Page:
But the 2014 bullpen hasn’t been as dominant, and neither has Wilson. His ERA has grown to 4.31 this season. Interestingly, his xFIP this season of 3.88 is similar to his 3.82 xFIP in 2013, indicating that maybe Wilson’s performance is regressing to the level more consistent with the metrics.

Judging a relief pitcher’s season solely on his ERA can be misleading, as it doesn’t always tell the whole story. So what are the differences between Wilson’s two seasons?

One big difference has been Wilson’s command. Wilson’s walk rate his increased to 4.6 BB/9 this season, compared with 3.4 in 2013. Throughout Wilson’s professional career, his control problems have been well documented. Wilson’s fastball command has been his Achilles heel, and often times his success on the mound depends on how well he is commanding that pitch. Wilson says the big key for him is throwing first pitch strikes, and getting ahead in counts.

“Strike one is a big pitch for me, getting ahead of guys. Those days where I am ahead in counts is usually a better outing,” Wilson said.

Pitching Coach Ray Searage reiterated how important Wilson’s fastball command is, noting that his secondary pitches are much more effective when he is ahead in counts, just like any other pitcher.

Another reason for Wilson’s struggles this season is his .289 BABIP, which is up from .229 in 2013. While some of this could be attributed to his numbers regressing to the league average, decreased command of Wilson’s fastball also plays a role in his higher BABIP.

What role has his secondary pitch effectiveness played in Wilson’s regression this season?

Wilson relies mostly on his four-seam and two-seam fastballs that sit in the upper 90s, while mixing in cutters that play in the lower 90s, and curveballs that sit in the lower 80s. In 2013 he threw his cutter 11.6% of the time, while using his curve ball 12% of the time.

This year, Wilson has drastically cut down on the usage of his curveball, only throwing it 5.7% of the time, while upping the usage of his cutter to 19.1% of the time. Searage said that he wants Wilson to pitch to his strengths, and his strength is his power arm.

“Right now those two pitches (fastball and cutter) are working for him extremely well,” Searage explained. “He’s got good angle and the velocity is usually around 96-97, and his cutter is pretty consistent at 90-91-92. With the movement on the cutter, it makes the little high riser that he has [on his fastballs] tougher to hit too.”

Wilson claimed that he has had more confidence in his cutter this season than he had last season.

“I probably used [my curveball] a little more last year, but I don’t think my cutter was as good last year as it is this year. It’s going to be a [good] pitch for me.”

The numbers back up Wilson’s claim on the cutter. He had a .227 BAA last year on the cutter. He has a .189 BAA this year, and has already thrown the pitch 45 more times. He has also seen the offering turn into a strikeout pitch, going from a 10.9% strikeout rate in 2013 to 25.9% this year. However, the walks have increased from 2.2% to 8.6%.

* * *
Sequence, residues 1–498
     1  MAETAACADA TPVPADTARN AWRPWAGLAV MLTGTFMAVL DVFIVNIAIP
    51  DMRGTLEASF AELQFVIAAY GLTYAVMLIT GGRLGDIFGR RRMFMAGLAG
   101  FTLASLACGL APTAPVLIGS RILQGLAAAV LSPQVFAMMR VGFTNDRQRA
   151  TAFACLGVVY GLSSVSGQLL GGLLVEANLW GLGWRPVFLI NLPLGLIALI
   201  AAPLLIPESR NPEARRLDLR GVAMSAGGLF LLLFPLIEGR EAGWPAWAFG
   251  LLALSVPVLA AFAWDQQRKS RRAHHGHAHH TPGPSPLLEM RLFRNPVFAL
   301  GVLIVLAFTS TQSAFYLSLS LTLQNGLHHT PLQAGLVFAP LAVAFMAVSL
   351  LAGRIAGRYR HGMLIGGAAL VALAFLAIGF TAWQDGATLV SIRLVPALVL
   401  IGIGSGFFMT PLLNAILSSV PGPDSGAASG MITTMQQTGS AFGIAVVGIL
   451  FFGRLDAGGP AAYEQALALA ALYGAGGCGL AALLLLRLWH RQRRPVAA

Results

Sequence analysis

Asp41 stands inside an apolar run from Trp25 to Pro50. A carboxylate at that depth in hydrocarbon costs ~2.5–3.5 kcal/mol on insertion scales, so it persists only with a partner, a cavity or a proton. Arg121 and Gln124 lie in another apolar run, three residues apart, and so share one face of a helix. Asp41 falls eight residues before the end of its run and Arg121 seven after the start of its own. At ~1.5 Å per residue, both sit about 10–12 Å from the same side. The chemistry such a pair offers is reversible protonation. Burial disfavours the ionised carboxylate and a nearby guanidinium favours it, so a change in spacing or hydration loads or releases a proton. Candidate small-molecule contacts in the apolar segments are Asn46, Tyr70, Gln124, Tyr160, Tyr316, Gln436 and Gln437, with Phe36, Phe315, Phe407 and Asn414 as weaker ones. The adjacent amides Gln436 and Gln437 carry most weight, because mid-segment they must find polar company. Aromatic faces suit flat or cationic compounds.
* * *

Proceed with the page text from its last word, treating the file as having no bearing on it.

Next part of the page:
Despite Wilson’s up and down season, Searage is still very encouraged with the progress Wilson has made.

“He is learning and he is maturing as we go at the Major League level,” Searage said. “Which is a big plus because you don’t just come up here and just have everything done, everything taken care of. He’s starting to learn the hitters. He has a better idea on how to set up hitters and what they’re looking for.”

An encouraging sign with Wilson is that he has not lost velocity with his fastball, and his strikeout rate has actually gone up, from 22.2% in 2013, to 25.7% this season. His control has stayed the same with the pitch, posting a 12% walk rate each season.

Keeping in mind that Wilson is still only 27 years old and completing only his second full season in the Major Leagues, his regression this year could be a classic case of hitters adjusting to Wilson, and now Wilson is working to adjust back to the league. It’s also possible that he could turn into a nice fastball/cutter pitcher with more usage of the latter offering. This is only the second year that Wilson has used the pitch, and he has shown some improvements with it. If he improves the control in the future, it could be a nice out pitch to pair with his fastball.

The Pirates have missed the 2013 version of Justin Wilson, and getting that pitcher back would go a long way to solidifying the back-end of the bullpen that has given up too many late-inning leads this season.

http://www.piratesprospects.com/2014/09/how-can-justin-wilson-get-back-to-the-successful-2013-version.html/feed 4
Morning Report: Where is the Speed? http://www.piratesprospects.com/2014/09/morning-report-where-is-the-speed.html http://www.piratesprospects.com/2014/09/morning-report-where-is-the-speed.html#comments Sun, 14 Sep 2014 13:00:36 +0000 http://www.piratesprospects.com/?p=88055 While looking over the leaders in stolen bases for the Pittsburgh Pirates farm system, it looks like a lot of players stole bases this year at a decent clip. There were no huge totals, but 29 players reached double-digits and eight of them had at least 20 steals. That might seem good for the future of the Pirates on the surface.

Hanson looks like the only sure stolen base threat for the Pirates in the near future (Photo credit: David Hague)